JOHANNESBURG (AP) — A South African mine with one of the biggest known deposits of gold in the world has halted production after two employees died in underground accidents this month and the government ordered a stop on activities around the mine's workshops.
A dump truck reversed over a contractor in one of the accidents at the South Deep mine, and another employee died when he was struck by part of a drill rig in a workshop, said Nick Holland, CEO of the Gold Fields company.
Holland said in a conference call with journalists and analysts on Thursday that he hopes some operations at the mine southwest of Johannesburg can resume early next week, though a plan to make underground ramps safer will take four months.
South African miners have traditionally used hand-held rock drills in tough and sometimes dangerous conditions. But Gold Fields, which has spent $4 billion on South Deep, has described its new mechanized operations there as beneficial for the safety of workers.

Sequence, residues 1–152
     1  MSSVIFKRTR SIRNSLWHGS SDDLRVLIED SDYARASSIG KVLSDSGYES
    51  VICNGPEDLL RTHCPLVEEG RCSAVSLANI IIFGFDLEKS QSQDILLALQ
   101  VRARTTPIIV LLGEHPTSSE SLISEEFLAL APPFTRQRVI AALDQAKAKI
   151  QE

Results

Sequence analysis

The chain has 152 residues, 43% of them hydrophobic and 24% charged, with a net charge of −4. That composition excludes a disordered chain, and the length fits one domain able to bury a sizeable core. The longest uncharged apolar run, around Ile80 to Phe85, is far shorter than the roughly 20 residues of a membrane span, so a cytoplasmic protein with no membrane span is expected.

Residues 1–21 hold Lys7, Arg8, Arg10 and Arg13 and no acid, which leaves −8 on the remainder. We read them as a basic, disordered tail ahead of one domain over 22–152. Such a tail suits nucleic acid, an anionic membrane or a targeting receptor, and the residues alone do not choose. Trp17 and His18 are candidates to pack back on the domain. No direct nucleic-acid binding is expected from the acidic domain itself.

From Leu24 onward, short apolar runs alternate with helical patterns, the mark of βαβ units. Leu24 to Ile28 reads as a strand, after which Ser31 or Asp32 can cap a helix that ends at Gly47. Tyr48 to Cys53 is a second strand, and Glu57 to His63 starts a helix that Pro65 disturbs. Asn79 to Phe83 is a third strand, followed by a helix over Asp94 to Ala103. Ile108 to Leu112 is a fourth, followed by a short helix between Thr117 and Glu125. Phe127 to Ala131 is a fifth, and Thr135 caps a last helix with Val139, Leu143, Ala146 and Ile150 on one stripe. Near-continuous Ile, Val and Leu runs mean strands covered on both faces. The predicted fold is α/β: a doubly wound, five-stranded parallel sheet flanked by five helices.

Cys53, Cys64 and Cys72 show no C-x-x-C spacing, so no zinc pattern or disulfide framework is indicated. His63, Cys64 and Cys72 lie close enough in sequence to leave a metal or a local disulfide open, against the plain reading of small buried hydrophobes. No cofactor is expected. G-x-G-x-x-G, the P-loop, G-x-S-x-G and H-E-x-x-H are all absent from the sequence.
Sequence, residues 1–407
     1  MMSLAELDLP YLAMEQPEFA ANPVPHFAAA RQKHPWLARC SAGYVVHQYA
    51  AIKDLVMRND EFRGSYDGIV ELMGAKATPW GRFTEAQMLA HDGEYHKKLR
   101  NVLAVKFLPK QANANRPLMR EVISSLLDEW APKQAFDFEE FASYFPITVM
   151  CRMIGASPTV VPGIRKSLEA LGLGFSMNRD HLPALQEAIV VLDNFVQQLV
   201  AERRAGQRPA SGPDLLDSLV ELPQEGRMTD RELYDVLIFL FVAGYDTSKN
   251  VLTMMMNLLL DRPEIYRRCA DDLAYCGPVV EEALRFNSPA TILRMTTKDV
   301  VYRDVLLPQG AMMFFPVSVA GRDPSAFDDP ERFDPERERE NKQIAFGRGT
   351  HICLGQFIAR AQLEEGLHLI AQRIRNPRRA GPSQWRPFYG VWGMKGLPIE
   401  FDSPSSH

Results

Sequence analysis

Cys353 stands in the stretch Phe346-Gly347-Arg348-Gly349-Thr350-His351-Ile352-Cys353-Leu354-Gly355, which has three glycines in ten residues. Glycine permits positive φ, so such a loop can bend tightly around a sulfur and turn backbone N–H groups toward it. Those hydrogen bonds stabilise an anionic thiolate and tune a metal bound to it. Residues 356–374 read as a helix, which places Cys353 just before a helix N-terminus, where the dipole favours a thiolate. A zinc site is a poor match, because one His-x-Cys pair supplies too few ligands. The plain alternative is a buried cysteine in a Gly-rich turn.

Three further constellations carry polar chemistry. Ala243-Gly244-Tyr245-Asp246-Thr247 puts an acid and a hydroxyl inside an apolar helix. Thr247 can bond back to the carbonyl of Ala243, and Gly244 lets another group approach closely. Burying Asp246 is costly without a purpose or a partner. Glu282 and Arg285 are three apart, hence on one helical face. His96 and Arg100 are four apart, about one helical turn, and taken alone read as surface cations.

Holland said a lack of skills among workers may have contributed to the safety problems at South Deep, where experts from Gold Field's Australian operations are helping to train employees in the mechanized work.
Last year, a drill-rig operator at South Deep died in a rock fall. At the time, it was the first fatal mine accident there in more than two years.
The mine has 4,000 employees and between 1,700 and 1,800 contractors, and Gold Fields is talking to unions about possible job cuts.
A labor group, the National Union of Mineworkers, said it was concerned about what it called a plan by Gold Fields to review 500 jobs at South Deep. It expressed concern about the two recent deaths and said the company was "destroying those who are still alive through retrenchment."